And if you don't have a multitracker yet, the MR44 has a built-in four-channel mixer, dbx noise reduction, five-band stereo graphic equaliser, a MIDI sync jack, twin-speed transport controls and you can record on all four tracks simultaneously. All the Ins and Outs are on the front for easy repatching.

Speaking of recorders, you could be forgiven for thinking that there was a Casio DA7 on the Tascam stand. There wasn't - it was a DA20P. The main difference between the two are the XLR sockets on the DA20P and a slightly redesigned case. Oh, and the price: the DA20P should sell for around £499 excluding VAT and be in the shops in September.

If you aspire to higher things, note that Tascam's pro DA30 has been reduced in price from £1179 to £999 (plus VAT).

Finally, for a spot of dreaming, run your fingers over the M3700-24 (around £8500 plus VAT) and the M3700-32 (around £9500 plus VAT). These are two automated mixing consoles based on the M3500 series with VCA fader, channel mute and aux mute automation. They have onboard data storage and editing facilities, can generate time code and are software updatable. Drool.

Sound Technology were showing the three new Ensoniq keyboards which were unveiled at Frankfurt and the Alesis D4 - a drum module in a rack based on the HR16 and SR16 machines. The spec has been updated since Frankfurt and it now features 500 sounds and 12 audio trigger-to-MIDI channels. It's still not complete, however, but is online for an August launch.

Guitarists could check out the Alesis Quadraverb GT (that's quite enough from them) and everyone could check out the RA100 Reference Amp.

Of prime interest to recordists was the Alesis ADAT modular digital audio recording system. This was previewed at Frankfurt and it's still not quite finished. The projected delivery date is the fourth quarter of the year but it may be the back end of the quarter rather than the front end. And speaking of ends, there will be Mac and ST front ends for it, too.

Staying with Sound Tech, let's check out the latest music software. C-Lab's Creator/Notator v3.1 will be ready to ship in August. New features include enhanced score edit and printing options, support for the Fostex MTC1, a graphic arrange mode, the ability to display 32 tracks in a Pattern and new keyboard shortcuts. It also includes a printer driver for the Cannon BJ10 Bubblejet printer. The update will be £25 including VAT.

C-Lab's Polyframe Editor should now be available after a preview at Frankfurt last year. The program is complete but the delay is due, apparently, to delays in developing a dongle which will allow Polyframe to co-run with Notator. Bloody nuisance, dongles.

Digidesign's Pro Tools for the Mac is due for release in August. It was developed from the Sound Tools hard disk recording system. The system is modular, each module providing four tracks. A four-slot Mac, therefore, can be expanded to provide 16 tracks of digital recording.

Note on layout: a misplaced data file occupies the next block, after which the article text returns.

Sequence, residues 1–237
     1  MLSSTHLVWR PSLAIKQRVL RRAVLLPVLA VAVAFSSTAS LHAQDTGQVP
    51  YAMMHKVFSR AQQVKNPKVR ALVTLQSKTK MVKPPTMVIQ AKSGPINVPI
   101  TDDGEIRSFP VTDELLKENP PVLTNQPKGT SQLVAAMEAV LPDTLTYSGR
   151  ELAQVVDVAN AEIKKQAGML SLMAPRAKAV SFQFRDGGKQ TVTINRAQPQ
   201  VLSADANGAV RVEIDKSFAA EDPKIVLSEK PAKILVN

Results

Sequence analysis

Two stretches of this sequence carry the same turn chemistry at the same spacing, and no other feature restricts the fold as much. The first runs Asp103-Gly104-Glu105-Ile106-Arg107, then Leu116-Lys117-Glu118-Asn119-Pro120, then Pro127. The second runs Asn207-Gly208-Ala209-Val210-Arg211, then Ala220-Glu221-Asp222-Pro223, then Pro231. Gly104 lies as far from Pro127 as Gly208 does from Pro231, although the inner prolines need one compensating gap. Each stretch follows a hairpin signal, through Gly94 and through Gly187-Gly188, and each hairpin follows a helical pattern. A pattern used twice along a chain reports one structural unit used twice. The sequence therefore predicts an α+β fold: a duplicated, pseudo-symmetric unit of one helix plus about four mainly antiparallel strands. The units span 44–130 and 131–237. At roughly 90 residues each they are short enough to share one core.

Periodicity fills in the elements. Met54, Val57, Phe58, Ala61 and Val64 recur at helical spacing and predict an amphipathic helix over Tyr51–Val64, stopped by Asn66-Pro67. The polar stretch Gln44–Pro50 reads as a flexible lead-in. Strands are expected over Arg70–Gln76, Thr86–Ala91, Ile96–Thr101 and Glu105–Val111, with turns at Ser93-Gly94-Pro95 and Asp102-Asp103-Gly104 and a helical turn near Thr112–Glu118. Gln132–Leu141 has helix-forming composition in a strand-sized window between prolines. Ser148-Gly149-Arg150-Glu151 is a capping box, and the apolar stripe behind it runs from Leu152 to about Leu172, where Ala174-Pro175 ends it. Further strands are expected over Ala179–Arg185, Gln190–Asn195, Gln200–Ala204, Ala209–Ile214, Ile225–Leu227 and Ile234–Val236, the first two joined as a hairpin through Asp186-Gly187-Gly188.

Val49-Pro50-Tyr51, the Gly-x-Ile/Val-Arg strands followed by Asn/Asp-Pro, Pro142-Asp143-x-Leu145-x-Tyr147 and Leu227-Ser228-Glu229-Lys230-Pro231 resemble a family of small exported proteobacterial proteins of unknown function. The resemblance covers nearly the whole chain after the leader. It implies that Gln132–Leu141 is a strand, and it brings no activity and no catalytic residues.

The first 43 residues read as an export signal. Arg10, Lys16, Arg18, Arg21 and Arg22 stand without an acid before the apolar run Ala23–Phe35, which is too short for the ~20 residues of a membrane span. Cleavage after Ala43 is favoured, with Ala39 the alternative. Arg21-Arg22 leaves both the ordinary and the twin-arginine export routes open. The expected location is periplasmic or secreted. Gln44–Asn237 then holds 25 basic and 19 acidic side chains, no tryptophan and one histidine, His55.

The other major software news could be found on the MCM stand. Version 4.5 of Passport's Master Tracks Pro (£310 plus VAT) was announced. It includes three new methods of recording, support for Apple's MIDI Manager, on-screen faders and programmable device names. A preset palette includes many popular instruments and you can add to these or customise them.

Passport's Trax now runs under Windows 3 and can utilise extended memory. This, too, has programmable device names and on-screen faders. The price seems to have dropped, too, down to £59 plus VAT.

The IMS also offered visitors the chance to check out the new Opcode software. This includes Track Chart (£139 plus VAT), a studio management program.

One of the most significant steps forward in software management is Opcode's OMS (Opcode MIDI System) which gives access to up to 240 MIDI channels. It uses a system of devices rather than MIDI ports. You describe your setup to it, which is saved in a Studio Setup file. This is used by Opcode programs by automatically defining instruments in Vision, assigning the correct devices to patch banks in Galaxy and controlling routings via Studio V.

OMS isn't a stand-alone program, rather it's now included in all new versions of Opcode software. These include v1.3 of Vision (£349 plus VAT), the Galaxy Plus Editors (£259 plus VAT) and Studio V (£TBA). The Galaxy Editor is a universal librarian compatible with over 90 MIDI devices. Studio V is a 2U-high rack-mount Mac interface with SMPTE generator and 15 x 15 MIDI patchbay. It's based on Studio 3.

Apart from the Sound Technology and MCM stands, software and computers were rather thin on the ground, although the Mac and ST were evident in equal quantities.

It could even be said that the Mac dominated the proceedings. Gateway, the music technology education people, were demonstrating a couple of interactive CD music ROMS for the Mac - Beethoven's String Quartet No. 14 and Mozart's The Magic Flute. Not exactly MT fare, perhaps, but the interaction between program and user was superb. No reason why this technology could not tackle more modern music or aspects of technology. No doubt it will.

Almost hidden on the Gateway stand was the K..AT (that's how they spell it!), a keyboard remote for the ST. The hardware is supported by a Desk Accessory program and gives you remote control over up to 14 functions as alternatives to using the keyboard. K..AT is being handled by Q-Logic and costs £65 including VAT.